Whisk together flour, baking powder, baking soda and salt. Set aside. In a large bowl with an electric mixer, beat together butter and sugar until light and fluffy (about 5-6 minutes). Beat in vanilla. Add eggs, one at a time, beating well after each addition. Set mixer to low speed and beat in all of the buttermilk, just until combined. Add flour mixture in three batches, mixing after each addition just until combined. Do not overbeat batter.

Spoon batter into cake pan and smooth the top. Bake until golden, about 40-45 minutes. Cool in pan on a rack for 10 minutes, then run a thin knife around edges of cake to loosen it from pan. Invert onto rack then invert back onto a cake plate.

For the syrup:
3/4 C ginger ale
3/4 C water
3/4 C sugar
2-inch piece fresh gingerroot, peeled and coarsely grated
1 1/2 C raspberries
1 C blackberries or 1/2 C blueberries

Bring ale, water, sugar and ginger to a boil, stirring occasionally. Continue cooking until mixture reduces to about 1 cup (about 15 minutes).
While syrup is simmering, place berries in a deep bowl. Pour hot syrup through a fine sieve onto the berries, then stir to combine them. Make sure the berries are covered in the syrup. Let berries stand at least 20 minutes, but no more than 2 hours before serving.

To assemble:When cake is cooled, lightly pierce the outside edge of the cake with fork tines. Drizzle just a bit of the gingered syrup along the outside edge of the cake. Next, place soaked berries in the center of the cake. Add a dollop of whipped cream on top of the berries.
Note: this cake can tend to be a little bit dry for my taste, so when I serve individual slices, I drizzle a bit more of the ginger syrup on the edge of the cake slice that doesn't have berries on it.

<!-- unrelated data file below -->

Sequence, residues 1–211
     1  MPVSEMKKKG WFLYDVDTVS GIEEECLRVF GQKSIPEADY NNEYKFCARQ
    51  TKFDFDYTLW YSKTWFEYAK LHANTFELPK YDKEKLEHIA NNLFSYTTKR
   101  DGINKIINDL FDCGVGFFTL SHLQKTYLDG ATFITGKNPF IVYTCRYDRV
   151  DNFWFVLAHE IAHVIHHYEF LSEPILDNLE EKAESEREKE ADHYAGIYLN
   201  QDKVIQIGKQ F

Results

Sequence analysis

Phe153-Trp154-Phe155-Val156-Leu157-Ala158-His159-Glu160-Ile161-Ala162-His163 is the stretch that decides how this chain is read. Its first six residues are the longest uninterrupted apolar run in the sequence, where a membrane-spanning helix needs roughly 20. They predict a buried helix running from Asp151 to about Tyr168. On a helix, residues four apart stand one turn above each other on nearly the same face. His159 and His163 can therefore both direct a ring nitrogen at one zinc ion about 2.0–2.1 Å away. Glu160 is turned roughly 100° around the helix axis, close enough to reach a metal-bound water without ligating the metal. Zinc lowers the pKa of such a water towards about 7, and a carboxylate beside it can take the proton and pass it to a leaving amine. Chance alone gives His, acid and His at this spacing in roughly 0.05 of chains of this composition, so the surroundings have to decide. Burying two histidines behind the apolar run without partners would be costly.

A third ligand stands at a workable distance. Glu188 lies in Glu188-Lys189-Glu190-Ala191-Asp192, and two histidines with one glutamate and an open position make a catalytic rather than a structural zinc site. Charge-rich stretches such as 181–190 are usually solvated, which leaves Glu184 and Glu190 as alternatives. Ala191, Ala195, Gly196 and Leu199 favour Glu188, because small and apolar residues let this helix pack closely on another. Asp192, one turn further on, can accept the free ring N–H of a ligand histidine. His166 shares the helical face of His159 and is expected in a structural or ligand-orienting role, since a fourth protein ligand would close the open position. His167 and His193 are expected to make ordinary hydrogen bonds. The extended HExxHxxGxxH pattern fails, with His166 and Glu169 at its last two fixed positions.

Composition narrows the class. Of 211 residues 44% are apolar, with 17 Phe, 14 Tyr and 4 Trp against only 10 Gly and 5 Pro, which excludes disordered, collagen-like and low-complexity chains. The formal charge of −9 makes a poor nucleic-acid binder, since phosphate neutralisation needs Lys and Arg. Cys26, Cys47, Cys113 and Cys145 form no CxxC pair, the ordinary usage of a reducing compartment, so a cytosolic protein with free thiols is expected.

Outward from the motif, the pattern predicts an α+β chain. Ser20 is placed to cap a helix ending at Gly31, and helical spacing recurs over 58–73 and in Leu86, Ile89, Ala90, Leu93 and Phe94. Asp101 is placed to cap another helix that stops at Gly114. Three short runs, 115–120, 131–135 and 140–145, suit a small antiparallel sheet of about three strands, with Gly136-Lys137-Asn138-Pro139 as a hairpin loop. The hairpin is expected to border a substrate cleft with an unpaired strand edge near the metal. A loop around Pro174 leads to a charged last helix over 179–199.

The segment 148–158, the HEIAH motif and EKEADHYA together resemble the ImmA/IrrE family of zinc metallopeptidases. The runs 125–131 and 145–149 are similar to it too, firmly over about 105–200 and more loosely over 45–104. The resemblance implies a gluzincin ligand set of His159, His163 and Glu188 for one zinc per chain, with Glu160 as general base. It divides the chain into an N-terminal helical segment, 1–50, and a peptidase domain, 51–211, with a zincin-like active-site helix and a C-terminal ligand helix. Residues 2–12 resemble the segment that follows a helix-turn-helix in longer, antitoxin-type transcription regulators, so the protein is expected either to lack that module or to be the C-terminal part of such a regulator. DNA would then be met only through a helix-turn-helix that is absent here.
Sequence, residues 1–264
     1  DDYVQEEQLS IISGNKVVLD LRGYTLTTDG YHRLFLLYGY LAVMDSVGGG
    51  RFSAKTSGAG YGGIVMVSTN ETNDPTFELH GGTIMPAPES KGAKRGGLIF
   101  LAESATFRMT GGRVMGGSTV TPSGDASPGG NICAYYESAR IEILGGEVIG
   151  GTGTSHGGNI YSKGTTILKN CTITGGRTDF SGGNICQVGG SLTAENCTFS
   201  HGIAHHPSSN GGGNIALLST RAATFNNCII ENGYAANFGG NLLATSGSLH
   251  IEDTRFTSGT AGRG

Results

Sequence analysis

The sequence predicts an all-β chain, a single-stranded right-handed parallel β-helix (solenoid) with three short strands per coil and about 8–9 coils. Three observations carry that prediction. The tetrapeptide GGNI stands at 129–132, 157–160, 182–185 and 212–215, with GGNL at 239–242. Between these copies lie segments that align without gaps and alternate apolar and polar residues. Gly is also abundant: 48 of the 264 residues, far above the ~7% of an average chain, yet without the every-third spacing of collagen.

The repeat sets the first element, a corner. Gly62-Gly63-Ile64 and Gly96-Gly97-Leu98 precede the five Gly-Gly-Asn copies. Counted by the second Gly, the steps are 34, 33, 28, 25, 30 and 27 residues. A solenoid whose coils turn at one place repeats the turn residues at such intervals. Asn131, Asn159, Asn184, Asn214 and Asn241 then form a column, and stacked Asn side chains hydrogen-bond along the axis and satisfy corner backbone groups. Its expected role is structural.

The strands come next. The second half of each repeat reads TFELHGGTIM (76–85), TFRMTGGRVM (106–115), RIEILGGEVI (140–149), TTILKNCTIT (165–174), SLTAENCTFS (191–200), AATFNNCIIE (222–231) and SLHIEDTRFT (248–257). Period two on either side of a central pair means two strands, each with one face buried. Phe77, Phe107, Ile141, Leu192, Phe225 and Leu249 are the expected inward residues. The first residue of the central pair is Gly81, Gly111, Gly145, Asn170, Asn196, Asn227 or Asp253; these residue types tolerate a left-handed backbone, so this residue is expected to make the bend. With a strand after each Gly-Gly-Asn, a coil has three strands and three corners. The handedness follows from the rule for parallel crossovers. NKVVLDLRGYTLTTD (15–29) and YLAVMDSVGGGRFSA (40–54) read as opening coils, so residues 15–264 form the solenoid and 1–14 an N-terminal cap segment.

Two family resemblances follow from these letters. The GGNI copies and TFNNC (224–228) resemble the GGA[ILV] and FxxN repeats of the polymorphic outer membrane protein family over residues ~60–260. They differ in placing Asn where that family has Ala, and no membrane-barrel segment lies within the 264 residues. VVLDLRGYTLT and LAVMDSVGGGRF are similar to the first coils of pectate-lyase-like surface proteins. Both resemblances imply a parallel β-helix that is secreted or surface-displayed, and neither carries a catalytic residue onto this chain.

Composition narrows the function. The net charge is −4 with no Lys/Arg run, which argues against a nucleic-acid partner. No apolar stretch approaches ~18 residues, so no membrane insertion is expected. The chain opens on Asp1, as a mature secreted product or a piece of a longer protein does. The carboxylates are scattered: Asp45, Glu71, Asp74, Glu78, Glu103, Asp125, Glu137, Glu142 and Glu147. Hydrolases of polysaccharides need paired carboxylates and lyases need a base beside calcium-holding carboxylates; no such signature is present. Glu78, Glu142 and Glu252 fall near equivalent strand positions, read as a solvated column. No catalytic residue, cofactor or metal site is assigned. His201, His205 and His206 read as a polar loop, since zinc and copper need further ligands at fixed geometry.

Friday, November 13, 2009

Undeserved Labels

This dessert is called Oatmeal Yucks. That couldn't be further from the truth. These are delicious. Kids love them. Well, my kids do. I'm not sure exactly where they got their name, but rumor has it a small child saw a grown-up cutting and serving them up. The melted marshmallow was making long strings of white from the 9 x 13 pan to the serving plate. The kid looked at that and said, "Yuck!" And apparently it stuck.

So, all these years later, they are still called Oatmeal Yucks.
Oatmeal Yucks
1 C brown sugar
1 C vegetable oil
1 egg
1 tsp vanilla
2 C oatmeal
2 C flour
1 tsp salt
1 tsp soda
1 pkg chocolate chips
1/2 pkg miniature marshmallows
Cinnamon sugar

Combine together the sugar, oil, egg and vanilla. Press half of the mixture into the bottom of a 9 x 13 pan. Sprinkle chocolate chips on top. Then, pour on the marshmallows. Spread them around so they cover any places where the dough is not covered with chocolate chips. Crumble the remaining half of the dough on top of the chocolate/marshmallow layer. Sprinkle with cinnamon and sugar.

Bake at 350 degrees for 18-20 minutes. Let cool before slicing into bars.

Wednesday, November 4, 2009

The End... As We Know It